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Incrue
04-01-2006, 09:58 AM
1 If i dont want to use classes,can i make the same way as before, putting all the code in the first frame?And it still works with the new player?

2 Now i have to import the properties i want to use too?I mean, isnt enough to import flash.display.movieClip, also if i want to use _alpha have to import flash.idunknowant.alpha ?

hangalot
04-01-2006, 01:20 PM
not sure about not using classes. flash 9 has not been released yet so I don't know how thats going to go, but i suspect it will work like that.

no you only have to import the class, properties and methods are availible on the class, nothing else required.

Incrue
04-02-2006, 02:11 PM
So, when they say:
'_alpha is deprecated, now use:flash.display.DisplayObject.alpha'
doesnt mean i have to
import flash.display.DisplayObject.alpha;
rigth??

hangalot
04-02-2006, 02:12 PM
it means you have to use .alpha on your movieclip/displayobject/sprite

Incrue
04-03-2006, 08:00 PM
What i want to know is if, in the beginning should i
import flash.display.MovieClip;
import flash.display.DisplayObject.alpha;

or just
import flash.display.DisplayObject.MovieClip;

mrand01
04-03-2006, 08:19 PM
just movieclip. Movieclip is a class, it has to be imported, alpha is a property that is specific to an instance of that class, it does not have to be imported. only import classes

abeall
04-05-2006, 06:31 PM
Can I just do
import flash.*
That would be so much nicer.

hangalot
04-05-2006, 06:32 PM
yes you can, but then it will only import the classes in the flash package.

webninja
04-05-2006, 06:40 PM
If you're not sure what to import, omit the import statement and let the compiler do the work. It will tell you what you're missing, then just go add it in.

hangalot
04-05-2006, 06:41 PM
or press ctrl-o or enter behind the class.

Incrue
04-06-2006, 03:28 PM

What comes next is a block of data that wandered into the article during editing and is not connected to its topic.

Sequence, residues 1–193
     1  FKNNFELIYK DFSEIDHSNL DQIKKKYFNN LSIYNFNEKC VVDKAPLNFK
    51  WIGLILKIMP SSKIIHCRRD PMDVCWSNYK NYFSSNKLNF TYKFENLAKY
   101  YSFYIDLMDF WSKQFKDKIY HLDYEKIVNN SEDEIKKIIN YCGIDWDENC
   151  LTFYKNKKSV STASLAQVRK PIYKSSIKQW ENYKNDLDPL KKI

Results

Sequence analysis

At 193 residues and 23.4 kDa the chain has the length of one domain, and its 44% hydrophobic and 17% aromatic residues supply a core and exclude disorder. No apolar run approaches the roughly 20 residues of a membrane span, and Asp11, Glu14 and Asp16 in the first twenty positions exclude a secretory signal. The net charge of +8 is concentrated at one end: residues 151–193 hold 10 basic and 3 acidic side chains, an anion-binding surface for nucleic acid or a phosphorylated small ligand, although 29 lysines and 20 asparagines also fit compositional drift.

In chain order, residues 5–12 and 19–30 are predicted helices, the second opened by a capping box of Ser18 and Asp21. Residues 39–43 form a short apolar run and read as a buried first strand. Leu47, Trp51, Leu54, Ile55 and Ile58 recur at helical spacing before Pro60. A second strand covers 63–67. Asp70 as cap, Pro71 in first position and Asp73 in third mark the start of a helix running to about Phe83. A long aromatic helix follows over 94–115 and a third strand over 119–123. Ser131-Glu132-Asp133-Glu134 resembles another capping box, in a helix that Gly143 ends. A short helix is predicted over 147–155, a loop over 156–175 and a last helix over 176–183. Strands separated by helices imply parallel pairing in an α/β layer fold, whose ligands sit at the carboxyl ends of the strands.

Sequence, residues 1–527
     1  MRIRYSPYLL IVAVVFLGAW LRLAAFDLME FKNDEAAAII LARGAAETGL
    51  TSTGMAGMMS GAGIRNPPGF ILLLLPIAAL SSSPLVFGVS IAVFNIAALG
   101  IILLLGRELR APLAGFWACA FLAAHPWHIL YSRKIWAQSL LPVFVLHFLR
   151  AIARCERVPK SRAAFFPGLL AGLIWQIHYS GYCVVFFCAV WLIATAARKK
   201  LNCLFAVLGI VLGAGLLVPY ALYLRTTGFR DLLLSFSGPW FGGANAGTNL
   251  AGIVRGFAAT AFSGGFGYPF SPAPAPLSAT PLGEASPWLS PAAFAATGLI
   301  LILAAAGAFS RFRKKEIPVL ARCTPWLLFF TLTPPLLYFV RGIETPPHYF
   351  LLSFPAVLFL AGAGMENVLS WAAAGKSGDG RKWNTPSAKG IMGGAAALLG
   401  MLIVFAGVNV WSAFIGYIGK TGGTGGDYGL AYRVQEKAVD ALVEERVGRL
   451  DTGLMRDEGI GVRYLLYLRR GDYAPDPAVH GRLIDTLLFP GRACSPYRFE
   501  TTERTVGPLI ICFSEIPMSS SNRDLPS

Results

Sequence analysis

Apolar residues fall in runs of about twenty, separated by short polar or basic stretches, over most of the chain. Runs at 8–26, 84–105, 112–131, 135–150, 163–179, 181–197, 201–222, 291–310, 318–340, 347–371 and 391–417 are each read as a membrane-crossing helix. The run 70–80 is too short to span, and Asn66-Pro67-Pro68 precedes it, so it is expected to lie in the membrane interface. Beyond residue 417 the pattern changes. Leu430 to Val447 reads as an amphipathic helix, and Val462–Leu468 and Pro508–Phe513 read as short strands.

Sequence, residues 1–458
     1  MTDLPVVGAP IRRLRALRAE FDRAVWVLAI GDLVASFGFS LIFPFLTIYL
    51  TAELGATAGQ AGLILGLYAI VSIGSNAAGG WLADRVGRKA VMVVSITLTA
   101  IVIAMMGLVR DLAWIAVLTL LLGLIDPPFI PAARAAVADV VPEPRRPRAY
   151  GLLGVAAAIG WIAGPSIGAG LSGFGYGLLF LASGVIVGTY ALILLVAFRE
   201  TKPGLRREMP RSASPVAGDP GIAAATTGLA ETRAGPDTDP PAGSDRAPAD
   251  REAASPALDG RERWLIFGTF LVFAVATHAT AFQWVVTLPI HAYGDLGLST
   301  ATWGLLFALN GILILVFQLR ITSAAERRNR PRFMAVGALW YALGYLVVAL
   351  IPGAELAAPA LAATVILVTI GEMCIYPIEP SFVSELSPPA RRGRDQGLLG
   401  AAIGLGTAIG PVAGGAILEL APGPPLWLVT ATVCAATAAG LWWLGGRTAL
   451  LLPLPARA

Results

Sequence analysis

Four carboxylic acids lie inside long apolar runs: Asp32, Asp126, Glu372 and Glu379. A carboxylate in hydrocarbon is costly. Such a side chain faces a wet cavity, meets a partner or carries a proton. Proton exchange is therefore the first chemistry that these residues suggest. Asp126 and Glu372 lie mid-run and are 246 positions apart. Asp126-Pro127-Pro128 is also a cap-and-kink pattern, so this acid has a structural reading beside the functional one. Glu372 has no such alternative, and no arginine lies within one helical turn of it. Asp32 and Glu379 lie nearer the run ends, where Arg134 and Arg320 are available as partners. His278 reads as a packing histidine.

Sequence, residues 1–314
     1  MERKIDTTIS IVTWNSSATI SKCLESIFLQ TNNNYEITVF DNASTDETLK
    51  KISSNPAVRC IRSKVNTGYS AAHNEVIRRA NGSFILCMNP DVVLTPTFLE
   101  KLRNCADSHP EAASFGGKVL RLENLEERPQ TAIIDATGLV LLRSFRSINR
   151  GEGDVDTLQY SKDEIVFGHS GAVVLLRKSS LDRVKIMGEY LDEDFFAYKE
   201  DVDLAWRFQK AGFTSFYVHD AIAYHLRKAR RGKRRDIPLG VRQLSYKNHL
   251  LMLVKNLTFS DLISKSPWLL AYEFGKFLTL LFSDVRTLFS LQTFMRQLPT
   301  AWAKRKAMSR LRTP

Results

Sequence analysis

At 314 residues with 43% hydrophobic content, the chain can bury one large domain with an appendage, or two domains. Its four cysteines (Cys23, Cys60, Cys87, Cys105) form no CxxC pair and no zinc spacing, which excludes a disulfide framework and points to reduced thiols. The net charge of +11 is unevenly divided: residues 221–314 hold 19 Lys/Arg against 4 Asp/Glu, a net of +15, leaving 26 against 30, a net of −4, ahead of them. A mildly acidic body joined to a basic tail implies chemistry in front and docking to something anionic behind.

So, now one more question...
what is binding?
Here
http://labs.macromedia.com/wiki/index.php/ActionScript_3:Learning_Tips
they say:
"Binding should always be done to strongly-typed data items, not to properties of type Object.
The lack of type safety with type Object can result in accidental coding mistakes, so the compiler will flag this as a warning. Binding to a property of something of type Object, such as selectedItem.name, will cause a warning; you need to use strongly-typed data items and cast, as in EmployeeInfo(selectedItem).name."

hangalot
04-06-2006, 03:31 PM
a binding is a way to make your view or model update automatically. the flex framework allows you to write certain metaTags and the compiler then generates the code for you to take care of what happens in terms of the stuff getting updated.

Incrue
04-07-2006, 11:45 AM
I dont know if i should create a new thread cos those are not just two questions anymore
1 public and private are now public and internal, rigth?

2 What is override?

3 What is Dereferencing?

hangalot
04-07-2006, 12:50 PM
there is public , protected, private and internal.
public is easy to understand.
protected works like this: if i have an instance of the class a protected method acts like a private method aka i can't call it from the outside. however if i subclass that class, i can change the bahevaiour of the function by overriding it, but then i have to use the override keyword to signify that i am overriding existing behaviour. and i can call that protected from subclasses
private works the same in terms of its visibility from the outside, but i cannot override the methods in subclasses nor call it.
internal's scope means its availivble to all classes in the same package and suclasses.


i think you should get what the override keyword does from what i have said already.
dereferencing means deleting a variable that holds a reference to an object. its not like an oficial term, but search garbage collector and refrence counting.

webninja
04-07-2006, 10:43 PM
Keep in mind that binding is done at compile time. That means something like this won't work:

var x:uint;

x = {boundProperty} * 3;

No error or warning will be generated, but you'll get the value of {boundProperty} without it being multiplyed by 3.